Thus, from examining data from GitHub, we can also determine the relative ease in developing projects using different types of languages. We can also have an idea of how fast a language is innovating new technologies. Without further ado, here is a simple chart to visualize the distribution of popular GitHub projects:

Clearly, JavaScript has the most shiny new tools, even when we exclude all the style-guides, learning resources, and tutorials. JavaScript is known for being an extremely fast-moving language with a high churn rate for frameworks and new technologies — developers may sometimes find it difficult to keep up with the constant innovations. Additionally, other than the Node.js platform, JavaScript is mostly used for front-end development, so it’s not directly “competing” with other back-end languages such as Ruby, Python, Java, and PHP. With that in mind, it is not surprising that there is such a large gap between JavaScript and other programming languages.

Ruby and Objective-C, on the other hand, also have a lot of tools and resources for development. Now, we’ve seen in the StackOverflow comparison that both languages aren’t as popular as languages like Java. Contrary to StackOverflow, developers have generally found the open source projects in GitHub quite useful. This is especially true for Objective-C if you examine the total projects written in each language:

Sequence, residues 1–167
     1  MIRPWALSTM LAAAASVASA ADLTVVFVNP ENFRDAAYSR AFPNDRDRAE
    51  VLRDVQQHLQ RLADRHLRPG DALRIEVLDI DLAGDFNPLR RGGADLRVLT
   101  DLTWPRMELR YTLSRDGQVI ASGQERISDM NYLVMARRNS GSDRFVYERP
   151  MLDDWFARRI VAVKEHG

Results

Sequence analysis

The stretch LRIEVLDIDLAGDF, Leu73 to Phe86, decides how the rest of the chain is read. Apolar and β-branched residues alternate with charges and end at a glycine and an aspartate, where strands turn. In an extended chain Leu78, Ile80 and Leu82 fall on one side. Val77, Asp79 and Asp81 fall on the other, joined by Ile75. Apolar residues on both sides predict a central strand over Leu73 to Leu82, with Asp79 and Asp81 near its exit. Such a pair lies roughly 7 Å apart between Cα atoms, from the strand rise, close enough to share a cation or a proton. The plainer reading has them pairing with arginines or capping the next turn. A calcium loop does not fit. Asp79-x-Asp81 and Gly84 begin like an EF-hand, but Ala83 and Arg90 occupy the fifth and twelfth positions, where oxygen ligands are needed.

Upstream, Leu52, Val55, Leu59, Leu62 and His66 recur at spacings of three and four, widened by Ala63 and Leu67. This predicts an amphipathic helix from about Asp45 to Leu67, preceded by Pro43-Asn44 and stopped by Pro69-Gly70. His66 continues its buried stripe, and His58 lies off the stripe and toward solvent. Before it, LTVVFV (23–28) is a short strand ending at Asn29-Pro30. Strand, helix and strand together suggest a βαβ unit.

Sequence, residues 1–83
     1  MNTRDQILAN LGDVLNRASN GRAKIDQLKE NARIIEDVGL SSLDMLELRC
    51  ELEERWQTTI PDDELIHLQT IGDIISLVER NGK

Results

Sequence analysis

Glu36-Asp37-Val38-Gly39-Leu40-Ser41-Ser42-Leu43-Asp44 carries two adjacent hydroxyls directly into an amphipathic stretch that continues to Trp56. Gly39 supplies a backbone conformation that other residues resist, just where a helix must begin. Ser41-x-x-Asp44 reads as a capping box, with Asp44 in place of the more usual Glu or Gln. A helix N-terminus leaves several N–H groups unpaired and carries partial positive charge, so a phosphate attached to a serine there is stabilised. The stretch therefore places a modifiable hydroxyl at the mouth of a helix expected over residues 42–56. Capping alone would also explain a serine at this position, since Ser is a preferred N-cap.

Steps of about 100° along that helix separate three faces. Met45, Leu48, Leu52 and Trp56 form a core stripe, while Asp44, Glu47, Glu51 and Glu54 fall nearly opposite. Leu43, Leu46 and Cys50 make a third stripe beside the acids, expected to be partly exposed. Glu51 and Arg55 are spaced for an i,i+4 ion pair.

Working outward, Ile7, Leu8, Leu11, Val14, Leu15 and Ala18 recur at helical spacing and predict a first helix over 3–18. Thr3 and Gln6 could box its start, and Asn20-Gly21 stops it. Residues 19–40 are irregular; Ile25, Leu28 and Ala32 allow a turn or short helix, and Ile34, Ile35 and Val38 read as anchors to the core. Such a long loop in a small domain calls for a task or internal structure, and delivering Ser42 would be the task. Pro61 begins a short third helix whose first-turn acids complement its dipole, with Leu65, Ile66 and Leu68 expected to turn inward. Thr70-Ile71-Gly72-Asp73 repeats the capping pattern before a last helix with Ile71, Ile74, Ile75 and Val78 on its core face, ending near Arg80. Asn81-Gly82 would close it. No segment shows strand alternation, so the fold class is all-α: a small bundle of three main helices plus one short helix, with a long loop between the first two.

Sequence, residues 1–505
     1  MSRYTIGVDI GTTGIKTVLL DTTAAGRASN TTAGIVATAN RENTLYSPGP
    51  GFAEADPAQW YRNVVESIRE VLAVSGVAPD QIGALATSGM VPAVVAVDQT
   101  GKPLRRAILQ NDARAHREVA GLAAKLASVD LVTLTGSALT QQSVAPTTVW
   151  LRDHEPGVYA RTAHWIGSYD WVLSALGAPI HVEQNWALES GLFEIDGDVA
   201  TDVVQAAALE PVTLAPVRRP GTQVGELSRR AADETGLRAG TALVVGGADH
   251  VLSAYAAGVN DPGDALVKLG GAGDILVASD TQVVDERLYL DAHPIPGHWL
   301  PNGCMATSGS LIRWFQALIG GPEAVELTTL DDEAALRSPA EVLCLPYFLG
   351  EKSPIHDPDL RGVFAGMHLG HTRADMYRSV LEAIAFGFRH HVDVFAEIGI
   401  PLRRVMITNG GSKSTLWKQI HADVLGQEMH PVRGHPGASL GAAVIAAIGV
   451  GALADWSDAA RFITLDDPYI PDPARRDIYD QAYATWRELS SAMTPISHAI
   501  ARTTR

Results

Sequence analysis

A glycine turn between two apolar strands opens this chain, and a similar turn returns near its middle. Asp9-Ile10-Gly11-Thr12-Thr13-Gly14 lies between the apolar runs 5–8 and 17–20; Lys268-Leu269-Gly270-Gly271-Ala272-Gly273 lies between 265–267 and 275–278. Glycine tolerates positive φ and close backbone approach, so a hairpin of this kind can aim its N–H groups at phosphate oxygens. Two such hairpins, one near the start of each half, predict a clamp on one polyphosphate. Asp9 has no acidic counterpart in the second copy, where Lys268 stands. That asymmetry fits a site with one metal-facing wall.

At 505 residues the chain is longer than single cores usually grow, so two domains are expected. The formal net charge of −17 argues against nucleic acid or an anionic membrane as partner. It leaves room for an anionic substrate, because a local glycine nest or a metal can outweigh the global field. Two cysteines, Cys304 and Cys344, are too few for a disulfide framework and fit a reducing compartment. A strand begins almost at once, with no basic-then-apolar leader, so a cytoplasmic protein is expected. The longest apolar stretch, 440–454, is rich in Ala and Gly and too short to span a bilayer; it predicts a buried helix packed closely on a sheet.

In addition, most open source projects written in C/C++ aren’t for C/C++ development itself — they’re just tools written to help development in general (for example, the most commonly used Python interpreter is CPython, which is written in C). As mentioned earlier in the introduction to programming languages, C/C++ are mostly used for developing systems applications, so it makes sense that the open source projects on GitHub are system tools. Nonetheless, you can learn a lot from these open source projects.

Finally, SQL and Swift are lagging behind in terms of resources available.

The Future of Each Programming Language

How relevant will a specific programming language be in the future? First of all, the future of a language will largely depend on the growth of its community, as fresh blood/adoption rate is what keeps a language popular and ensures that it will continue to have resources. Thus, let's take a look at what languages people are most interested in learning: